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GM pulls Chevrolet out of some world markets

Company restructures operations in India and South and East Africa

Published: May 21, 2017, 10:30 PM
Updated: May 25, 2017, 5:22 AM

Barra India GM

Winners & Losers, January 2016 - WINNER – General Motors – Although its results were far from spectacular, GM's sales were up by 5.3% in January – the only one of the Detroit three to beat the industry average – and enough to bump its market share a couple tenths while theirs declined. Call GM a Winner in January.

General Motors has announced plans to restructure its business worldwide, saving $100 million US annually, turning India into a export market, transferring Africa over to Isuzu, and putting an end to Chevrolet as a worldwide brand.

“As the industry continues to change, we are transforming our business, establishing GM as a more focused and disciplined company,” said GM Chairman and CEO Mary Barra announcing the changes. “We are committed to deploying capital to higher return initiatives that will enable us to lead in our core business and in the future of personal mobility.”

The company began looking at individual markets in 2013, looking to optimize their operations toward the company bottom line worldwide. That meant focusing Indian manufacturing operations on producing vehicles for export only, with the Talegaon plant serving as the hub for vehicles heading to Mexico and Central and South America.

“In India, our exports have tripled over the past year, and this will remain our focus going forward,” said Stefan Jacoby, GM Executive Vice President and President, GM International. “We determined that the increased investment required for an extensive and flexible product portfolio would not deliver a leadership position or long-term profitability in the domestic market.”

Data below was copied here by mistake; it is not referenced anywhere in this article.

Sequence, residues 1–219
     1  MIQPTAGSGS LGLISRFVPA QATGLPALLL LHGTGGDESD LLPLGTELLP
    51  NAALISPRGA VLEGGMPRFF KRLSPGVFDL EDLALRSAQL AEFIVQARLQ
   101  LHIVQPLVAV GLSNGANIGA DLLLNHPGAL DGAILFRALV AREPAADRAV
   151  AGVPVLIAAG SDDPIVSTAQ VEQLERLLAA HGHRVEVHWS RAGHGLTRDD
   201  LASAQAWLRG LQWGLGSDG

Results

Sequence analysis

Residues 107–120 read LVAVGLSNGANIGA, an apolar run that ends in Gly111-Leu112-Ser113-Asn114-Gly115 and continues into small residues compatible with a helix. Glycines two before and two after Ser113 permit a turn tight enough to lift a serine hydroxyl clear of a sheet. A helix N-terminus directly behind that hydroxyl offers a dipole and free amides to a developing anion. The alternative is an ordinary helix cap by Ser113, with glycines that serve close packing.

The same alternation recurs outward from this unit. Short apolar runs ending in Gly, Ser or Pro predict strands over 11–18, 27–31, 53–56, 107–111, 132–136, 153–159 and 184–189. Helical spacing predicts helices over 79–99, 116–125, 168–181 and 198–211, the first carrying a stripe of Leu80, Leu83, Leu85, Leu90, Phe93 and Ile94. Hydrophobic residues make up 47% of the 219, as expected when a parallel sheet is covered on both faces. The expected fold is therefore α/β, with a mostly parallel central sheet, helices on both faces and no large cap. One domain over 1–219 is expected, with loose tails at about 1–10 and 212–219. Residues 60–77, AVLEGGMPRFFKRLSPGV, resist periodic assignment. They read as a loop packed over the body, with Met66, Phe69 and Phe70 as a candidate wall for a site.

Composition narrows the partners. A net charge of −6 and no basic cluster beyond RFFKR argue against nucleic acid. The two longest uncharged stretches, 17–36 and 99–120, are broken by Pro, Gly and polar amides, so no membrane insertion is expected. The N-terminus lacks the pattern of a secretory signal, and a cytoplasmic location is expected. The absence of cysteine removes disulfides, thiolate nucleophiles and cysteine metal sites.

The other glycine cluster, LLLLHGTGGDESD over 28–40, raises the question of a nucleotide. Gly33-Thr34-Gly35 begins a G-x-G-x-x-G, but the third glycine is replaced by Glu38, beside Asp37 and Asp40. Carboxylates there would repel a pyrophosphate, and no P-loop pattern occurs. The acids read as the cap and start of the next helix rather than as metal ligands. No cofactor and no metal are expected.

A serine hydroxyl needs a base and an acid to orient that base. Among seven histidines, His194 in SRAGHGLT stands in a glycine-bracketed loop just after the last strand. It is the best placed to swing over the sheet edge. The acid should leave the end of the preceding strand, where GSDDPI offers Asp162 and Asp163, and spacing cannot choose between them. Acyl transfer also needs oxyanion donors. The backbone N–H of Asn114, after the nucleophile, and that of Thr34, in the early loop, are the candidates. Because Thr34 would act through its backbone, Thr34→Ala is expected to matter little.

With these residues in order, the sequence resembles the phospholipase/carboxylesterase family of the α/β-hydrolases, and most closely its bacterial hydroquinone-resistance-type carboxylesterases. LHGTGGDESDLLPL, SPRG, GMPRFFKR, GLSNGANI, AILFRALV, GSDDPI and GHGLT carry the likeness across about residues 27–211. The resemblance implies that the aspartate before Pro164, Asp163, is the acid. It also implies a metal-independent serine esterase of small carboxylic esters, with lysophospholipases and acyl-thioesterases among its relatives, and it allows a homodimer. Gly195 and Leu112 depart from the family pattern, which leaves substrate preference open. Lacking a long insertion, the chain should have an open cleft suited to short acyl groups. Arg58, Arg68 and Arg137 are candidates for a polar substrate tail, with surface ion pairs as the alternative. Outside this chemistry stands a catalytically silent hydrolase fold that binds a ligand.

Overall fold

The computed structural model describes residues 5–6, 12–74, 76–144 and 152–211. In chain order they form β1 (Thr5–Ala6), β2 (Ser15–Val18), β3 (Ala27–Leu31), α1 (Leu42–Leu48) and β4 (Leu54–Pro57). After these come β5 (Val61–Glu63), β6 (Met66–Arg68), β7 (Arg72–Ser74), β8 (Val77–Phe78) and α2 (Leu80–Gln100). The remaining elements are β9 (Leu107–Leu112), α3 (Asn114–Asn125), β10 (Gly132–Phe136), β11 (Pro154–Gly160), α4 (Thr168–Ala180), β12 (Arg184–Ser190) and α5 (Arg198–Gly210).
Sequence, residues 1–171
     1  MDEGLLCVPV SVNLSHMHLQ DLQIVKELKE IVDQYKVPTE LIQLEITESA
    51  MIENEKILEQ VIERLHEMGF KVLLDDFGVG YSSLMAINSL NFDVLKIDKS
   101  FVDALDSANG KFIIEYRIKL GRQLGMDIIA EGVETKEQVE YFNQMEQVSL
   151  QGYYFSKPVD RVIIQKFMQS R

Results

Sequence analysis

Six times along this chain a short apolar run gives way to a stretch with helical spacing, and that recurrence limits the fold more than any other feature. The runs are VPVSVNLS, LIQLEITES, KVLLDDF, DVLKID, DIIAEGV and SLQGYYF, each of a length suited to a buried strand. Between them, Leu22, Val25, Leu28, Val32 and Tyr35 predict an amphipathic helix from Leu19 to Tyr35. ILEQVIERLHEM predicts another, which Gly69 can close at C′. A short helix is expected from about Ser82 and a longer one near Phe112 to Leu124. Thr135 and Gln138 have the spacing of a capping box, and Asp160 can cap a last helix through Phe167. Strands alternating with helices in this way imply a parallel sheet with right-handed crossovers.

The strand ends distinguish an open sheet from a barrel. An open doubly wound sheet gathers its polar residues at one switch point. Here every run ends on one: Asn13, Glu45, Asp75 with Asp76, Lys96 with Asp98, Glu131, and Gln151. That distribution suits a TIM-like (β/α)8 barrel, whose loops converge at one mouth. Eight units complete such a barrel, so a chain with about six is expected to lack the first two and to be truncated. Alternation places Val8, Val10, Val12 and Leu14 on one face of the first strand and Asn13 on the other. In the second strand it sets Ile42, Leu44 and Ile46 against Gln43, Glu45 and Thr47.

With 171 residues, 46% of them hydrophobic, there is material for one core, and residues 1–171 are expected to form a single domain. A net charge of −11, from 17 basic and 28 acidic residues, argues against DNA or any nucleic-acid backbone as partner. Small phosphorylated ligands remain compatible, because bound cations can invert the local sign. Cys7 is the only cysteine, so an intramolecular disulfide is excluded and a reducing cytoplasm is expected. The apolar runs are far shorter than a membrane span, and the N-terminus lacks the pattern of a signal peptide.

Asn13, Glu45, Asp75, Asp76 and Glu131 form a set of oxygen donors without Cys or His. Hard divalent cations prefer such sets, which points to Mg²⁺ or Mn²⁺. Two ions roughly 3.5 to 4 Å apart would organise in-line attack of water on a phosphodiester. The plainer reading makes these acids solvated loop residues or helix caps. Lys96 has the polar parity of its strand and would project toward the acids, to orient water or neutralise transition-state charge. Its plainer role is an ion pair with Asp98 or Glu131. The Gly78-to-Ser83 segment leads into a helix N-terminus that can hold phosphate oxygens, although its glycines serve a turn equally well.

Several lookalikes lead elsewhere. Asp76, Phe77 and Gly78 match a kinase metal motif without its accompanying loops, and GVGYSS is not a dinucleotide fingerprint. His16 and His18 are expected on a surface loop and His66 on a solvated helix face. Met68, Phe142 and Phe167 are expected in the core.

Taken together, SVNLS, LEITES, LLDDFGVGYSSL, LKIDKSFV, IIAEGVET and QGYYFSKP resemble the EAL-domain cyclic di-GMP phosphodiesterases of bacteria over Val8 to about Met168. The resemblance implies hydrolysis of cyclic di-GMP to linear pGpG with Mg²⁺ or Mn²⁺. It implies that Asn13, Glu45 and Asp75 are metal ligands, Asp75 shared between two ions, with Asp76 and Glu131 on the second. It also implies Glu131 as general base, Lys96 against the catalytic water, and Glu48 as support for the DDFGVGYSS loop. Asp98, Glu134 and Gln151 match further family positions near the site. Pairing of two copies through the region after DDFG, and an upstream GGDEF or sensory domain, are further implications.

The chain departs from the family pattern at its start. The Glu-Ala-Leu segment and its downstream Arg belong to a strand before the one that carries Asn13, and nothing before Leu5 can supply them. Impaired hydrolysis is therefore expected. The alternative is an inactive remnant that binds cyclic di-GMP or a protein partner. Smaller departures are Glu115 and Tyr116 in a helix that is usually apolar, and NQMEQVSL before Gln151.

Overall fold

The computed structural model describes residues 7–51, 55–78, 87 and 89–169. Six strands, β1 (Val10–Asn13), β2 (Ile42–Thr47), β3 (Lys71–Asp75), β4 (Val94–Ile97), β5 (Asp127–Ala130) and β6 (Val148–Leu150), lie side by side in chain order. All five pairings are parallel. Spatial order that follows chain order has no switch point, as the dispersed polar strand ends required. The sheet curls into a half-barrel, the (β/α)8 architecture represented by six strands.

In Africa, GM has entered into an agreement with Isuzu Motors to acquire GM’s Struandale plant in and its Vehicle Conversion and Distribution Centre in South Africa, take control of GM’s Parts Distribution Centre also in South Africa, and buy back the remaining shares of Isuzu Truck South Africa (GM had a 30% stake) and GM’s shares in GM East Africa (57.7%) to take over control of the company.

“After a thorough assessment of our South African operations, we believe it is best for Isuzu to integrate our light commercial vehicle manufacturing operations into its African business,” said Jacoby. “We determined that continued or increased investment in manufacturing in South Africa would not provide GM the expected returns of other global investment opportunities.”

With all the changes, GM has announced plans to withdraw the Chevrolet brand from Indian, and African markets by the end of 2017.

"These actions will further allow us to focus our resources on winning in the markets where we have strong franchises and see greater opportunity," concluded GM President Dan Ammann. “We have compelling plans for growth in both the top line and the bottom line as we invest for the future."